Longtime television host Dick Clark, who appeared on the "New Year's Rockin' Eve" program from Times Square for nearly four decades, died Wednesday at age 82 in California following a massive heart attack.
Known as "America's oldest teenager," Clark kept his uncanny boyish looks for years and hosted “American Bandstand" from the early 1950s until the show ended in 1989.
The definitive dance party show was initially broadcast from a studio in Philadelphia. During its three-decade run, the show showcased the biggest acts in mainstream rock 'n roll, from Buddy Holly, to the Jackson Five featuring Michael Jackson to Madonna.
Clark introduced many of the acts to TV audiences for the first time, and for playing such an integral part in music history he was inducted into the Rock and Roll Hall Of Fame.
Starting in 1972, Clark hosted live coverage from Times Square counting down the New Year's Eve ball dropping. He suffered a stroke in 2004, but was back on the New Year's show in 2006, with impaired speech, still doing the countdown.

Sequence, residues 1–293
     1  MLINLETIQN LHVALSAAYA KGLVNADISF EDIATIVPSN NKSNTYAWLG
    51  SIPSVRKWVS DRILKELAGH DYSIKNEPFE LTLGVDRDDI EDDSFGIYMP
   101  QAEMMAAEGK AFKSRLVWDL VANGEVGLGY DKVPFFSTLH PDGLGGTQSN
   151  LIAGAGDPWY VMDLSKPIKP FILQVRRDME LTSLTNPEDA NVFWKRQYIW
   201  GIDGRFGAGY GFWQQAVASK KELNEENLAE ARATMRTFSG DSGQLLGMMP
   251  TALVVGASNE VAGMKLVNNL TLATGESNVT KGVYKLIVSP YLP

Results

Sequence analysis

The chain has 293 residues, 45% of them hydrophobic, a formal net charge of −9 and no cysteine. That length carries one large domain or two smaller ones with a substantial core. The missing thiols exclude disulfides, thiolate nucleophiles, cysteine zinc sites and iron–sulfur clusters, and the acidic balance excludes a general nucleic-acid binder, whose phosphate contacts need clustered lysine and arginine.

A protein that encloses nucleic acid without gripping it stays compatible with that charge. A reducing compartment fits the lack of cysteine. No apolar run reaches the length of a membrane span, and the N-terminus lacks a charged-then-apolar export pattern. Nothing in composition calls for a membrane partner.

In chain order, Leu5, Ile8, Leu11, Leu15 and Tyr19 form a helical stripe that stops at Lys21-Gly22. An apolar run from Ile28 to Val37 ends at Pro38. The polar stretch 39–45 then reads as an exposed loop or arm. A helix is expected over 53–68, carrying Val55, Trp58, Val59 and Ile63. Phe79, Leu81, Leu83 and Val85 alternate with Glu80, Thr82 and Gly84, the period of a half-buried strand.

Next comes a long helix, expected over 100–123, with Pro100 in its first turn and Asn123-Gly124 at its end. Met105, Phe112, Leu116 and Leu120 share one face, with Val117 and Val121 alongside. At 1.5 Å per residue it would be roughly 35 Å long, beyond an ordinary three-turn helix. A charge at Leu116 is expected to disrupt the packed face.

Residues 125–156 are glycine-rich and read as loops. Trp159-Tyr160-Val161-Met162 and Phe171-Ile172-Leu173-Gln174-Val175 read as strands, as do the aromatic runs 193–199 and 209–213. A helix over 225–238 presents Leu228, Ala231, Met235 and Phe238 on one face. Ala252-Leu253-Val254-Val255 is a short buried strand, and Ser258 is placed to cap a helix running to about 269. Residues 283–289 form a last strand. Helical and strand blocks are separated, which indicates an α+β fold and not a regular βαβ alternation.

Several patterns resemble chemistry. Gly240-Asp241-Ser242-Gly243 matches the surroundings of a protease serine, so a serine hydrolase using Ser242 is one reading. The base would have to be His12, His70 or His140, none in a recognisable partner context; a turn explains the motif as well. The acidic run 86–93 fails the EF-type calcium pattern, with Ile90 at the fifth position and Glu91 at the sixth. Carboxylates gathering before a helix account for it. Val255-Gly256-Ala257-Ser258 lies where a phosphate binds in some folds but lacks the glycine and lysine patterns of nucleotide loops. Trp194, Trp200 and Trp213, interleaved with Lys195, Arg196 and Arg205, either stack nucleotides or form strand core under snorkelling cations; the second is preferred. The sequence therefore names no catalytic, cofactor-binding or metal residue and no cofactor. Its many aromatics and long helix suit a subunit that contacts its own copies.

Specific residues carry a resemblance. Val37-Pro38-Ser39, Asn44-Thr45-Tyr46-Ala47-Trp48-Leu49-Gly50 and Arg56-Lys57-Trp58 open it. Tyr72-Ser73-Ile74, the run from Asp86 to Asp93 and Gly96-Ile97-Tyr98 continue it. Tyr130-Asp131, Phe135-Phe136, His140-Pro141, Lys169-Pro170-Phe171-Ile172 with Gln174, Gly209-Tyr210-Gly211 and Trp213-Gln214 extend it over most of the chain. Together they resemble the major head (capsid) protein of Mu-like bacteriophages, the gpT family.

Clark was also famous for hosting the game show "The $10,000 Pyramid," which eventually became "The $100,000 Pyramid," and hosted and produced "TV's Bloopers And Practical Jokes" with Ed McMahon.
He was also a businessman, producing lots of TV shows including the Golden Globe Awards, which he brought to national and international prominence.
A spokesman says Clark had a heart attack Wednesday morning at a hospital in Santa Monica, Calif., where he went on Tuesday for an outpatient procedure.
Mayor Michael Bloomberg said in a Wednesday statement, “Times Square is considered the crossroads of the world in no small part because Dick Clark’s New Year's Eve celebrations there were beamed across the globe. I remember one New Year's Eve, he and I stood in Times Square marveling about how much the area – and the City – had improved over the years. But Dick Clark never had to change – he was a great entertainer who stood the test of time."
Times Square Alliance & Countdown Entertainment, which co-produces the New Year's broadcast, also gave condolences to Clark’s family in a statement and said Clark would be remembered during the future years' broadcasts.
In Hollywood, a wreath was laid at Dick Clark's star on the Walk of Fame on Wednesday.